"With an emphasis on quality and sustainable work, we can create an encouraging environment for our companies. In turn, these are the conditions that need to be met for the well-being of our citizens to increase, so that we are all guaranteed a suitable level of social security and protection," stressed the Prime Minister.

He continued that the care for people, their well-being, health and the quality of life remain at the forefront of our society, which is also laid down in the Treaties and other documents. "What an important role the care for our health plays in the quality of life is something we all became more aware of and learned in this long period of fighting the epidemic," noted the Prime Minister. Concluding his opening address, he said that "in all these efforts we are putting in the recovery, the operation of all EU institutions should be permeated by the basic idea that no one should be ever left behind, that no one should be forgotten. All our future efforts should be in this direction," concluded the Prime Minister.

At the end of today's summit, Prime Minister Janša maintained that, having fought the epidemic for a year and a half, cooperation is all the more important. "I call on everyone to work together and make wise use of the instruments proposed by the European Commission," urged the Prime Minister. "We have to cooperate to overcome the issues we will encounter in the future. Only if we work together, can we carry on with the recovery, we can complete the green and digital transition. All this should be joined by lifelong learning," said the Slovenian Prime Minister. He concluded that together we can be strong enough "to maintain the pace of recovery, to complete the green transition, and to preserve the European way of life and the things we value most for future generations as well."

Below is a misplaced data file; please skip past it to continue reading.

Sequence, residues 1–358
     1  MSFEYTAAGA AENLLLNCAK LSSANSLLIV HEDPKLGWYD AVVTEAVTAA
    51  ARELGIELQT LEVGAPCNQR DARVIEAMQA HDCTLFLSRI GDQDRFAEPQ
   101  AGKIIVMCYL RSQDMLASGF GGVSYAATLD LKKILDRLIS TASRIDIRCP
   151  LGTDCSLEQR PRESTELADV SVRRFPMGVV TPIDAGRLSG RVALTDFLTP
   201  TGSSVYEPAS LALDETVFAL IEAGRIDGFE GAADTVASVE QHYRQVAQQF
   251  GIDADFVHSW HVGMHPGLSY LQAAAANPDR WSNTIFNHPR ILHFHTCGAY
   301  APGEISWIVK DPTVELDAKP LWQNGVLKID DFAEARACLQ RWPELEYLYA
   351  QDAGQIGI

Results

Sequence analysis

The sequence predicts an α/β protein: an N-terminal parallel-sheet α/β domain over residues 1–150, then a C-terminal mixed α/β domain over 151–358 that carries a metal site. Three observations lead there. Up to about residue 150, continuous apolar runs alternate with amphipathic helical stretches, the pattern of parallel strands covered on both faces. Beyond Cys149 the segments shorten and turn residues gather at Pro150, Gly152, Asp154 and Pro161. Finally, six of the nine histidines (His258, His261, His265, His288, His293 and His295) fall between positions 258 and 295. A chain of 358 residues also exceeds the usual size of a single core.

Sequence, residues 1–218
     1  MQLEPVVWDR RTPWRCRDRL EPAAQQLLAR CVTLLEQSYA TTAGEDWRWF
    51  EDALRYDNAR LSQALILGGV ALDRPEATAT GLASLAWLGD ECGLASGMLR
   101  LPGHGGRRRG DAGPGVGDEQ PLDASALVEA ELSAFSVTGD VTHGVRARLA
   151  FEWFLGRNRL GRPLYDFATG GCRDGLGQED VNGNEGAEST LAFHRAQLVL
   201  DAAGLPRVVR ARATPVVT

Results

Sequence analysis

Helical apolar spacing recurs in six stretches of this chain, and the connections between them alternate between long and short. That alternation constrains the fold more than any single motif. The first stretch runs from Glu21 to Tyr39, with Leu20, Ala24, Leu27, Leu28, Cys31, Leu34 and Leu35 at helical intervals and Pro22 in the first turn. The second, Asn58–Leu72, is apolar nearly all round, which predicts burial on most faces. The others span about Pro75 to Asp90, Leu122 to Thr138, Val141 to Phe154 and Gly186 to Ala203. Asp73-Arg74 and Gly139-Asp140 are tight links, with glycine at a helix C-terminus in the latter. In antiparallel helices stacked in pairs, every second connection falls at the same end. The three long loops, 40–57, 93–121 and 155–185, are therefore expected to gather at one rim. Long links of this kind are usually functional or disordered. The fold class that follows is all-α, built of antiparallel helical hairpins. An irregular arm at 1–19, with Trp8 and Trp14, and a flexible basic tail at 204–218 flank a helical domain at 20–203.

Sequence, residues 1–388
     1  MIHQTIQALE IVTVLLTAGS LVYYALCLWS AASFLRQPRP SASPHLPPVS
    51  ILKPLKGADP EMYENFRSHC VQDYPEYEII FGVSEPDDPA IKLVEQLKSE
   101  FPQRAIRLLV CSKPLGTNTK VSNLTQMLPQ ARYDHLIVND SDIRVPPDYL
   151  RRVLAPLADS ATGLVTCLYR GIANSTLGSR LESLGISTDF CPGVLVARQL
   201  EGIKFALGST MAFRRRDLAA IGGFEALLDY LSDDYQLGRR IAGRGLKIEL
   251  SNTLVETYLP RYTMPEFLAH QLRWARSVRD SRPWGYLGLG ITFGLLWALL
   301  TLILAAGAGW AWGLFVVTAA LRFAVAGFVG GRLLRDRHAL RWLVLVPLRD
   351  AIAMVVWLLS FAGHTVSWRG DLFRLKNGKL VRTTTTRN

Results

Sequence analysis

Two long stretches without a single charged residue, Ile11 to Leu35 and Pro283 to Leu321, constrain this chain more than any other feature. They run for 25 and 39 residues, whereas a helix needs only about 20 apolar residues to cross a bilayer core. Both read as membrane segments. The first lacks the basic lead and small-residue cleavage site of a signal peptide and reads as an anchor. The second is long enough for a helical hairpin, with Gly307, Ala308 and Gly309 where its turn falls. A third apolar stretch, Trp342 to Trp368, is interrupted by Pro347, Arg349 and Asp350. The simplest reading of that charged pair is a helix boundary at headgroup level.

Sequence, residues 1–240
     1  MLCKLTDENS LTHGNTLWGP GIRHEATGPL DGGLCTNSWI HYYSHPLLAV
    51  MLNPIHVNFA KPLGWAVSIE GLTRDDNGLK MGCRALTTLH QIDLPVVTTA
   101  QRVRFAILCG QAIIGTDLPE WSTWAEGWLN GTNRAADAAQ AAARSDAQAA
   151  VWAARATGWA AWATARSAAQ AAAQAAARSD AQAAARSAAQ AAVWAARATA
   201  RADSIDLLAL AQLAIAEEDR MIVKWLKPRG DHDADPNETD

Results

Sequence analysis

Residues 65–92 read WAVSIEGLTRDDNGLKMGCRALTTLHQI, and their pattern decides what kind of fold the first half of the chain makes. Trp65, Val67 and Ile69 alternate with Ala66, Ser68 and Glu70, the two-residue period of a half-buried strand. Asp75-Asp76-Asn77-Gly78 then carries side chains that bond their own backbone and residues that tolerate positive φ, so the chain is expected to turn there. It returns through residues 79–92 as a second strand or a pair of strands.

The Tripartite Social Summit is a forum for dialogue between the EU institutions and the European social partners at top management level. Employment ministers from the presidency country (Slovenia) and the two upcoming presidency countries (France and Czech Republic) as well as the representative of social partners from these countries were invited to attend the summit. The summit was also attended by European Commissioner for Jobs and Social Rights, Nicolas Schmit.